Do you stop and think about how to tie your shoe-lace? Do you remember the first time you tied your laces? The first time required a lot of cognitive effort and assistance from someone who was an expert. And now you can do it without even looking at it, even while having a conversation with someone.
Once we become an expert at using a product, we can almost do it subconsciously. We require little or no effort at all to carry out tasks to accomplish our goals. When designing a product, service or system, we often start thinking from our level of expertise. We forget that what is easy for us, may be difficult to extremely challenging for someone else. This is where Task Analysis comes in.
Task analysis is the logical breakdown of the actions and cognitive processes the user must go through to achieve his/her goal while using a product, system or service. It requires carrying out proper user research through interviews or observing the user while they use the product, system or service.
Why Task Analysis is done?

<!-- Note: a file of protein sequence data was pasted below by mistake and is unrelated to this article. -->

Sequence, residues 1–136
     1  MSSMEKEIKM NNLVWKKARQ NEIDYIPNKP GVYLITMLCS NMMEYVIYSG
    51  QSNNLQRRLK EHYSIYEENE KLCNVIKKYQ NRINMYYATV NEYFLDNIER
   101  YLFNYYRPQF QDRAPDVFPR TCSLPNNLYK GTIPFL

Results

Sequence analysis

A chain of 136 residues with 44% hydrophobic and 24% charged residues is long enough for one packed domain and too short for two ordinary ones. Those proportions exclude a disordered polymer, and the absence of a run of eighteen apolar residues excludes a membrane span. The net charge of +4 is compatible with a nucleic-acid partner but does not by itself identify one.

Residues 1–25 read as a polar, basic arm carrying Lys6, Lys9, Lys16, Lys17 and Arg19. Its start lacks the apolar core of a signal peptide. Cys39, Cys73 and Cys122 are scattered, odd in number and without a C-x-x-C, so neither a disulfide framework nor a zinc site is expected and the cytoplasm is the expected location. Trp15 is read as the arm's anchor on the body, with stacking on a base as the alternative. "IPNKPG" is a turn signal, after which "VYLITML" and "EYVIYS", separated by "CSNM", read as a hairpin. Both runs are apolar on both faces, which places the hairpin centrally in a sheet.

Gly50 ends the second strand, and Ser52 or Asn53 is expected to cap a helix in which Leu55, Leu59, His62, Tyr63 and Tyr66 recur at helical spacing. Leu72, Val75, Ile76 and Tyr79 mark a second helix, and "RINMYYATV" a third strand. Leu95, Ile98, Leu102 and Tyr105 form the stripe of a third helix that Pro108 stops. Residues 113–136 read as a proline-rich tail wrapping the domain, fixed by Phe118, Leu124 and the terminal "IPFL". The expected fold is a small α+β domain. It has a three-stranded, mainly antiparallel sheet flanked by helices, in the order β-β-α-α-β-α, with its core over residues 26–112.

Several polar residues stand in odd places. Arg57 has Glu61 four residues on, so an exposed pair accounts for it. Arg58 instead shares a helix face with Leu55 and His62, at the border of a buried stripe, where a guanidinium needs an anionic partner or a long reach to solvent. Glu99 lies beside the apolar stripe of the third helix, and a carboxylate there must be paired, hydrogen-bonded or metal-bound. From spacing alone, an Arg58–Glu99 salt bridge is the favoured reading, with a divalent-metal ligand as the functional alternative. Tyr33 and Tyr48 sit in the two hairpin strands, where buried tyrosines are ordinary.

To find out –
It is usually done before starting the design process or at the early stages of the iteration cycle. The earlier it is done, the better as the results of the analysis will in turn affect the content strategy, wire framing, prototyping and usability testing of the product.
Task Analysis is done first by observing a competent individual, secondly by observing an expert and lastly, by observing someone who is a new user. The steps they use are documented and later used as a reference.
Two methods of Task Analysis are most commonly used. They are:
1. Cognitive Task Analysis – This method is more focused on understanding the tasks that requires the users to take decisions, solve problems and needs memory, attention and judgment.
2. Hierarchical Task Analysis – This method is a more structured approach. User’s tasks are decomposed into sub-tasks to create a task flow.